by Natasha Tauber
In the live/work space artist Dove Bradshaw shares with her partner of 41 years, artist William Anastasi, every sightline is assembled in deference to her eye and the couple’s evolving artistic harmonies. Dense pockets of books and recordings are points of gravity, in an expansive light-filled upper Manhattan apartment made loft-like by the removal of many of its 1913 walls. In art, as in life, Bradshaw brings a minimalist’s eye to the conceptual work she creates—without material or aesthetic sacrifice.
The tableaux Bradshaw assembles throughout the space are curated from the works of friends—colleagues central to one of the past century’s most acclaimed artistic movements. A maquette for Claes Oldenburg’s Mouse Museum perches on a Sol LeWitt vertical shelf/sculpture, adjacent to a work Robert Ryman signed and dated to the column. Winking homages best labeled “after Duchamp” abound. A bottle-rack hung from the ceiling—strung with lights that absorb daylight and illuminate indeterminately—is a ready-made chandelier. “What artists take from Duchamp is permission,” suggests Bradshaw. Her score for “Angles” (a series in which the roll of a die specifies the horizon of a triangular painting each day of its exhibition) sits at the upright piano.
In a loft full of instruments—musical and scientific—the hum of intimate collaborations defies stagnant representation. John Cage’s musical scores and Merce Cunningham’s choreography are framed on walls, homages to a creative fugue for which Bradshaw provided the visual accompaniment. At the kitchen table, she produces a linen box in which 10 years of sets and costumes she designed as an Artistic Advisor to Cunningham’s dance company are archived. In turn, it was the avant-garde Cage, Cunningham’s life and work partner, who would function as a mentor to Bradshaw.
As someone who is considered a pioneer of “indeterminacy,” Bradshaw has a segment of oeuvre that casts decision and chance at the moment of impact. She “stops time” with a just-cracked eggshell, rendered in solid gold. Lead slugs collected from the NYPD are repurposed toward sculpture and objects of adornment. When CH met with Bradshaw, she was in the process of rendering these forms at monumental scale. Holding the unfinished work, the artist contemplated mounting a salvo of gunfire ricocheting off the walls and onto the floor at an upcoming exhibition.
In the “Contingency” paintings—a series initiated in 1984—Bradshaw secedes more to chance. Begun with full surface washes and pools, the artist has, since 2010, thrown foraged roots, branches and thorns onto canvas to achieve chance composition. After treating the silver surface with a destabilizing medium, she removes the roughage. Bradshaw refers to a gated alley outside her Manhattan co-op, where these paintings are left to weather, as her studio.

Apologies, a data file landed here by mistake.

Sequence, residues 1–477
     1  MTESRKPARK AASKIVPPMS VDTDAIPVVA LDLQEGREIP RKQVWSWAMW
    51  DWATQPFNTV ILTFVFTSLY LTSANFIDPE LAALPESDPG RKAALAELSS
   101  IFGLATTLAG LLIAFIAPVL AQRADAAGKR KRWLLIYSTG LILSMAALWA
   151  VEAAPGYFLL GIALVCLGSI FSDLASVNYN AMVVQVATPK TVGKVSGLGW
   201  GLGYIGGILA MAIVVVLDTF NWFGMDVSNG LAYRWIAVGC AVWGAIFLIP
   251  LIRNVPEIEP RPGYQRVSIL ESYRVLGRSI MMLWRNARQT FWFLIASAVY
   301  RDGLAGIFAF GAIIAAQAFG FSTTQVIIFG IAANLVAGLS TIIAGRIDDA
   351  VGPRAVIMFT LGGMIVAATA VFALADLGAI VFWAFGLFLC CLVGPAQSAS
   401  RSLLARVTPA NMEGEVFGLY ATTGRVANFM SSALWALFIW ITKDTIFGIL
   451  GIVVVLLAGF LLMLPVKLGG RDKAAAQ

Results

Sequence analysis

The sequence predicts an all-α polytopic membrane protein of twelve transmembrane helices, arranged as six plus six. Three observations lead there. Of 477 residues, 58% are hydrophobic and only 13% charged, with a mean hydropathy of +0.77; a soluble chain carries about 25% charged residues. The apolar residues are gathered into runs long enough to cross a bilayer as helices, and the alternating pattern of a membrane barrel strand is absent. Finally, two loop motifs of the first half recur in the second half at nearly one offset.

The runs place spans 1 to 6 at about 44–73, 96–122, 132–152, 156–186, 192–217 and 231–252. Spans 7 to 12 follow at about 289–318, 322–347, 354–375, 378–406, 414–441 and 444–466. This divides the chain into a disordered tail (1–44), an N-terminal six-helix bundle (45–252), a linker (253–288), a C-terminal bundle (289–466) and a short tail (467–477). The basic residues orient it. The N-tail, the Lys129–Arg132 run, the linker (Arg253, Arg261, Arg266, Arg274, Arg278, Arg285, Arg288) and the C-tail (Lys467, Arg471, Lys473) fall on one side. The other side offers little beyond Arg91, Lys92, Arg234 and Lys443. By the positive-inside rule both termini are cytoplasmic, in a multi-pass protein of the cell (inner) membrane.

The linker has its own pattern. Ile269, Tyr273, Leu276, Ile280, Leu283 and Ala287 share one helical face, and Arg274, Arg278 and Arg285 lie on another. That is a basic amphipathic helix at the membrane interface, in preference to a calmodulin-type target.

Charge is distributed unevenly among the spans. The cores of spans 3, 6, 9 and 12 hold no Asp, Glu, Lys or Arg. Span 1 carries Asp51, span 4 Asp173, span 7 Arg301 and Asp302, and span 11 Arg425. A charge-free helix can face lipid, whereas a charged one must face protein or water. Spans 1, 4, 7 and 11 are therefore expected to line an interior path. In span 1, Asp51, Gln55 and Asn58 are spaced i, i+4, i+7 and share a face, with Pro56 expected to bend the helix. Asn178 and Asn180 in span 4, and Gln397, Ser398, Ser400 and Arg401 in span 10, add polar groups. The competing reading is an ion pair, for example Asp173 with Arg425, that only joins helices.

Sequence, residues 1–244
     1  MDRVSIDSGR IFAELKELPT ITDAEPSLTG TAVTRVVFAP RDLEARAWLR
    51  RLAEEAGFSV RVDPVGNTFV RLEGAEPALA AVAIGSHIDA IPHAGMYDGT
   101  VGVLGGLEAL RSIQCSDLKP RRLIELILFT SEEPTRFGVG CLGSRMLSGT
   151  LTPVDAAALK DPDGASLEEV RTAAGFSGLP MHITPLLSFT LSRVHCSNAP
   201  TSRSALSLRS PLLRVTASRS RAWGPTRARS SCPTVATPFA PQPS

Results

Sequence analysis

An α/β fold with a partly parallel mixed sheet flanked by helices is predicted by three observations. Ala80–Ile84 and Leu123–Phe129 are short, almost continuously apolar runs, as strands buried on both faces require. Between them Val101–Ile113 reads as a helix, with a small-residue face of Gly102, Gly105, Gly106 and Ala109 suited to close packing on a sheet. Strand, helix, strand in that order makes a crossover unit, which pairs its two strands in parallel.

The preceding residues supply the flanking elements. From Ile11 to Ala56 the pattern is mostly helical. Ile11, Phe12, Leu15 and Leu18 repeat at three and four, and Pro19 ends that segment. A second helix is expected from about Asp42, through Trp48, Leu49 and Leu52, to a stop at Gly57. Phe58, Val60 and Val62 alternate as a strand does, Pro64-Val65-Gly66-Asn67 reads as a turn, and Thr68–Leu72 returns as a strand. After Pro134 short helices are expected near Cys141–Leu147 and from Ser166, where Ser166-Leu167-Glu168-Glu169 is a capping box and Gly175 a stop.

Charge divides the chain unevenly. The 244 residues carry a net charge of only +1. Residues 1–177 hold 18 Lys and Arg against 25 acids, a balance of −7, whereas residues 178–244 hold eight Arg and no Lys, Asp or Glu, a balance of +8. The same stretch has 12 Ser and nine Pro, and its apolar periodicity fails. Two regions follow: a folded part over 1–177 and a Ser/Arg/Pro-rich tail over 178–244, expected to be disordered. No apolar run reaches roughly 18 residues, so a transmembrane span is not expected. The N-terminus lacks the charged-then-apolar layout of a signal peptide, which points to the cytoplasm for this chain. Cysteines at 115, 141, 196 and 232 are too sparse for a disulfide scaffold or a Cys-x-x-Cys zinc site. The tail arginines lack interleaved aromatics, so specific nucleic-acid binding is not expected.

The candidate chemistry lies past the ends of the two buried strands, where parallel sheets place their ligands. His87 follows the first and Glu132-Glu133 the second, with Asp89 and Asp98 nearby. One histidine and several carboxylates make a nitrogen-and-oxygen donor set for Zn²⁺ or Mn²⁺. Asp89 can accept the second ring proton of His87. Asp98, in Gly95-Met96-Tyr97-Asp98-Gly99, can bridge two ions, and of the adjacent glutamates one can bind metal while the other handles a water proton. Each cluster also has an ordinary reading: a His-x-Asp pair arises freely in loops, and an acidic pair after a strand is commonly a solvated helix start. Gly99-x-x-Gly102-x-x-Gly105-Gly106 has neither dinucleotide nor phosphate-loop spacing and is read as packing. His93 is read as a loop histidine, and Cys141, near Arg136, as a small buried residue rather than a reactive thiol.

As we speak, Anastasi drifts from sketching to playing the piano while Bradshaw seizes upon her objects, activating them. “Watering your sculpture again, dear?” he asks. She notes it is water that coaxes out a stone’s dimension. It’s fitting, then, that Bradshaw is among the first contemporary artists invited to exhibit her sculptures alongside Isamu Noguchi’s installation at his namesake Queens museum and sculpture garden for the “Museum of Stones” exhibition. It’s a first for the museum to invite outside artists to exhibit works at the original Noguchi installation.
In “Waterstone,” a funnel focuses and regulates a steady drop of water on porous limestone. The depth of localized erosion depends on how long a piece has been “active,” a testament to Bradshaw’s 19-year devotional. In another work contending with material change, white calcareous tufa stone, freshly quarried from Denmark specifically for the exhibition, bleeds traces of chalk in its “youth,” but hardens and darkens with age.
Bradshaw’s treatment of stone presents a direct interrogation of what is meant by geologic time, and is uniquely salient to the ongoing debate between the Noguchi Museum and the institution’s Japanese counterpart. Noguchi’s former assistant and stonecutter, charged with maintaining the sculptor’s Japanese studio and works, has continued the aesthetic practice of watering the stones, many of which are deeded to the New York museum. The process weathers the stones, favors the growth of moss and lichens, and will eventually shape the material beyond the influence of Noguchi’s hand. It is a conflict that goes not only to the heart of Noguchi’s divided identity, but the forces that water and stone exert on one another.
These elements are longterm subjects of Bradshaw’s own interrogations. Her work is a surrender to the elements and can be seen now at the Noguchi Museum’s “Museum of Stones” exhibition, on now through 10 January 2016.
Images by Dove Bradshaw and Natasha Tauber